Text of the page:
Wednesday, May 25, 2016

Tuning Slide: Letting Go

Weekly Reflections on Life and Music
The key to change... is to let go of fear.
-Rosanne Cash

Letting go means taking risks.
Letting go is taking action, not resisting
Controlling comes from fear - if I am not in charge, things will fall apart.

From Bill Ferguson's Mastery of Life:
Fear is a state of mind and is created by resisting a future event. For example, if you have a fear of losing someone, you are resisting the future event called, “losing the person.” The more you resist losing the person, the bigger your fear. The bigger your fear, the more you feel threatened. The more you feel threatened, the more you hang on and push the person away. By resisting the future event, you tend to make the fear come true.(How to let go and flow with life)
In a business organization book, Yes to the Mess, Frank J. Barrett relates being part of a jazz combo to successful business practices. Letting go is part of it:
Jazz musicians... often speak of letting go of deliberation and control. They employ deliberate, conscious attention in their practice, but at the moment when they are called upon to play, this conscious striving becomes an obstacle. Too much regulation and control restricts the emergence of fresh ideas. To get jazz right, musicians must surrender their conscious striving...
We're back to the practice room again. A natural place to start the process of letting go. We strive in practice and let go in performance. He is of course talking about improvising, but for most of us this letting go begins with any public performance.
In the words of saxophonist Ken Peplowski, "You carry along all the scales and all the chords you learned, and then you take an intuitive leap into the music. Once you take that leap, you forget all about those tools. You just sit back and let divine intervention take over."
I'm not sure about "divine intervention" in my trumpet playing. I'm not sure that God cares that much about what I play. My interpretation is that when I get in touch with the "spiritual" aspect of playing music, I can more easily let go and allow the music to flow.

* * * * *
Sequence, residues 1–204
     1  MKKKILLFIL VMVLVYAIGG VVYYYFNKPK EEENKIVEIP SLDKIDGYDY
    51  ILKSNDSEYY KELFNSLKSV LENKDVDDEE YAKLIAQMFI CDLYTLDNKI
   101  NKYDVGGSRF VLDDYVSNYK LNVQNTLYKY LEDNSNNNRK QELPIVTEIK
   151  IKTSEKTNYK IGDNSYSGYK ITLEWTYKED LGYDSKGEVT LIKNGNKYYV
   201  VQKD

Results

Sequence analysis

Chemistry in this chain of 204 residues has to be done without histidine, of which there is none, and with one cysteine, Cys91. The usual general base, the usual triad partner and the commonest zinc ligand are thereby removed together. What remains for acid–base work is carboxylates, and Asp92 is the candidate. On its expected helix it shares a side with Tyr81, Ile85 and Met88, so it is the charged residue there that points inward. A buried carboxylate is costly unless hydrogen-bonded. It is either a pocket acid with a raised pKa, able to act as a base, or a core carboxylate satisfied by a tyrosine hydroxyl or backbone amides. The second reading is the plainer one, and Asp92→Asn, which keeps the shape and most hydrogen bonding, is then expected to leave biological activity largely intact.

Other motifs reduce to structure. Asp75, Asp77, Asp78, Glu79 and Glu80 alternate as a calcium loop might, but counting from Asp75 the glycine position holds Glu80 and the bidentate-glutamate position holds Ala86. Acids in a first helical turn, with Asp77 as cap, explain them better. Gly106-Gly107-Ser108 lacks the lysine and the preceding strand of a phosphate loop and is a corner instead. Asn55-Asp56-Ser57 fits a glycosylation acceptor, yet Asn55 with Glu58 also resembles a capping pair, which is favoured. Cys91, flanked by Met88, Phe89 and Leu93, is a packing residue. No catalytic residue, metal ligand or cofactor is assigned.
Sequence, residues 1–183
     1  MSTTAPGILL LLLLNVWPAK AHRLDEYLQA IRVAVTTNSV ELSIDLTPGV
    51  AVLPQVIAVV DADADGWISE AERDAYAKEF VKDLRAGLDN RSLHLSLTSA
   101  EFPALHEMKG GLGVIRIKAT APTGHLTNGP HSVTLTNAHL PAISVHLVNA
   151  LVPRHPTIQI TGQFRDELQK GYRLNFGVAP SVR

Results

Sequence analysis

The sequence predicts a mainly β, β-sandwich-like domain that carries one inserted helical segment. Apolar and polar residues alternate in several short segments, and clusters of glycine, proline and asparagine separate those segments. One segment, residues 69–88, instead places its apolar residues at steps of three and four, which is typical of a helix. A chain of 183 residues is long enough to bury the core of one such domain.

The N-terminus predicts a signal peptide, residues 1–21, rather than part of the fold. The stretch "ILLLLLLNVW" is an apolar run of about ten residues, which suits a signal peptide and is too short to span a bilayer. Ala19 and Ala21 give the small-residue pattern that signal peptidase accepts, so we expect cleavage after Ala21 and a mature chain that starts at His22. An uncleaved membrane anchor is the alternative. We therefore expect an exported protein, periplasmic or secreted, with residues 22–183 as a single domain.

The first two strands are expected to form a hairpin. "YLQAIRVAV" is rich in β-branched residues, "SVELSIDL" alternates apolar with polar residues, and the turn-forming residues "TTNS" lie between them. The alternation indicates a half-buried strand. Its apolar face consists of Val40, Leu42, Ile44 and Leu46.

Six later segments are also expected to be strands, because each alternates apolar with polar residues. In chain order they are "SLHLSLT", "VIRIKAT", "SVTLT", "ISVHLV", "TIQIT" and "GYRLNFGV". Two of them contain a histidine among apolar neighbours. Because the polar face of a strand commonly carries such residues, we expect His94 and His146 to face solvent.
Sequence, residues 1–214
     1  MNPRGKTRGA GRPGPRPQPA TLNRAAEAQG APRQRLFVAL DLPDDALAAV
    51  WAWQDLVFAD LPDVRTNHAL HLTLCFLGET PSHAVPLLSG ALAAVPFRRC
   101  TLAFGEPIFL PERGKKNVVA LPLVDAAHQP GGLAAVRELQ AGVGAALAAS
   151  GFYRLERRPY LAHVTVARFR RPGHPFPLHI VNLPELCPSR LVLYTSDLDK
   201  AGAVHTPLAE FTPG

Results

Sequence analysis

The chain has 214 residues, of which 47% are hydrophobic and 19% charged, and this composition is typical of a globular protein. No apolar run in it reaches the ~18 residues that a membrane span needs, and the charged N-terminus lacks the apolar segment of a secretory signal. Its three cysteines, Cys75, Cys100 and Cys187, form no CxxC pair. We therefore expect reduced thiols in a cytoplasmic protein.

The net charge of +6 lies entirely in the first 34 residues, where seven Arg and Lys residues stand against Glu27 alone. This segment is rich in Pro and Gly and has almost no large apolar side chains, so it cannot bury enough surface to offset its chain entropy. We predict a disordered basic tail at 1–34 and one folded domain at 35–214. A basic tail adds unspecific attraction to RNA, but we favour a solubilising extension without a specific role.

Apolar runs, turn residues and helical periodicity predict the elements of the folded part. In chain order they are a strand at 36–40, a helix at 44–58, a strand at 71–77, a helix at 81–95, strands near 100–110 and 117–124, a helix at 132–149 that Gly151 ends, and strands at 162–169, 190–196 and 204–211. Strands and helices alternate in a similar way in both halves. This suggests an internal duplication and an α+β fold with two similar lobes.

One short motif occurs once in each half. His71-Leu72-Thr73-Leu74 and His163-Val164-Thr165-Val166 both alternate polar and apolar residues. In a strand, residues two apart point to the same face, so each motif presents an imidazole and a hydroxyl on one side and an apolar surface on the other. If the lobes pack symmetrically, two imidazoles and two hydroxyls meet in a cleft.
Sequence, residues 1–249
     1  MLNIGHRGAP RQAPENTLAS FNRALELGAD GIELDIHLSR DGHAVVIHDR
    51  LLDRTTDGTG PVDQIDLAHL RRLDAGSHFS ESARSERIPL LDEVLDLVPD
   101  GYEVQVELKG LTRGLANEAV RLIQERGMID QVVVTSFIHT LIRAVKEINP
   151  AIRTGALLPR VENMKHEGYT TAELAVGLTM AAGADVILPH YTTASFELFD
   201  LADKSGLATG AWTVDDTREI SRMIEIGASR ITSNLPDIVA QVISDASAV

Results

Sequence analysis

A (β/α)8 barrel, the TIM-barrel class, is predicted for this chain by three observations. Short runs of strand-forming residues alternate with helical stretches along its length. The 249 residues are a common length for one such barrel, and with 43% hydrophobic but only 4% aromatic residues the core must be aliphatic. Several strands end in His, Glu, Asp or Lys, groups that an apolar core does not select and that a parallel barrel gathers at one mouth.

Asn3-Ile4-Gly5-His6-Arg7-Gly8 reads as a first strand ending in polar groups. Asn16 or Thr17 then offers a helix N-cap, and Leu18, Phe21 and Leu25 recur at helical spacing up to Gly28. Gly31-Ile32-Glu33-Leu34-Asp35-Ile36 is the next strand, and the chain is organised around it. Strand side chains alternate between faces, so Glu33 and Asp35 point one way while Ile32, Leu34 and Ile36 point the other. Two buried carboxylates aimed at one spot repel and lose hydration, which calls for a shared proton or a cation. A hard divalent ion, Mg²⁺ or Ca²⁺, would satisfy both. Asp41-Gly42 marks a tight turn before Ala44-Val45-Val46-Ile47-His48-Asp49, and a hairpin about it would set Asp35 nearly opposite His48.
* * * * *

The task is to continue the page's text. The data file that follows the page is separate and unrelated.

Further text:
But there is another aspect of all this letting go. Unless we are in a solo recital, we do not play alone in public performance. Whether it is a duo or trio, a combo or a wind band, our music has to fit into what the others are playing. Hence the statement I saw on Facebook one day:
Practice is to learn your part;
Rehearsal is to learn the other parts
and how your part fits in.
Wisdom.

But the letting go is really in the next step, the actual public performance. The time when nerves and stage fright, performance anxiety and just plain old "blanking out" takes over.

Here I have to make a confession: I have a very difficult time practicing what I preach when I get into a solo performance. I know I have talked about this before, but it has raised its ugly countenance again. I had some pieces down cold- in my practice room. I got to rehearsal psyched to play- and it was like I had never seen the piece before.

Damn!

Now, to be good to myself, I have made progress. I can play in the quintet and not get that fear. I can play in the concert band and, for the most part, allow my part to sing out. But the solos are still bugging me.

I do know that the techniques of letting go work. They have worked for me. I know from from experience that letting go can move me to new places. I also know that what Frank Barrett talks about above are the problems:
  • Striving-
      which means working hard instead of relaxing
  • Regulation and control-
    wanting to remain in charge and not trust the flow of the music
  • Tense muscles-
    caused by the inner tension and growing unceretainty
  • Shallow breathing-
    when we are tense we don't take the time to deeply breathe. We react and the fear cycle of fight or flight kicks in.
  • Losing attention-
    and then we are in full time crisis mode.
I have talked about all these things in the past. But they bear repeating and relearning. The need to "Let Go" at those moments is essential. Taking a deep breath, realigning yourself (easier to do if you're not in the middle of a solo!), focus on what is in front of you.

This is simple. I wish it were as easy!

With time, it may be.

From the movie Frozen:
It's time to see what I can do
To test the limits and break through
No right, no wrong, no rules for me I'm free!

Let it go, let it go
I am one with the wind and sky
Let it go, let it go
You'll never see me cry!

Here I stand
And here I'll stay
Let the storm rage on!
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(Sidenote: I know when all this started for me and I'm going to tell that story in a Tuning Slide extra next Monday. By telling the story I may be able to do some exorcising of that demon instead of continually exercising it.)

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